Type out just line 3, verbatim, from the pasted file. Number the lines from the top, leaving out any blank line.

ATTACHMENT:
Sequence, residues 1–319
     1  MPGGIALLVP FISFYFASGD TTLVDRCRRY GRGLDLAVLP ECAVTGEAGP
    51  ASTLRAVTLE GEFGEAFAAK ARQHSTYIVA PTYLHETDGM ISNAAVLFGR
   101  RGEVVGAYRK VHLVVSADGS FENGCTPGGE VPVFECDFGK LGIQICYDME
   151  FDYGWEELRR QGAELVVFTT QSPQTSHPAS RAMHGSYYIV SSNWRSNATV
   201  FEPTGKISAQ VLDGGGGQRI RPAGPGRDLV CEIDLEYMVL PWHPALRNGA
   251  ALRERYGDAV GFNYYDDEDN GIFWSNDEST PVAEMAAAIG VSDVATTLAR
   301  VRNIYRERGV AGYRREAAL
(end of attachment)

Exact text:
    51  ASTLRAVTLE GEFGEAFAAK ARQHSTYIVA PTYLHETDGM ISNAAVLFGR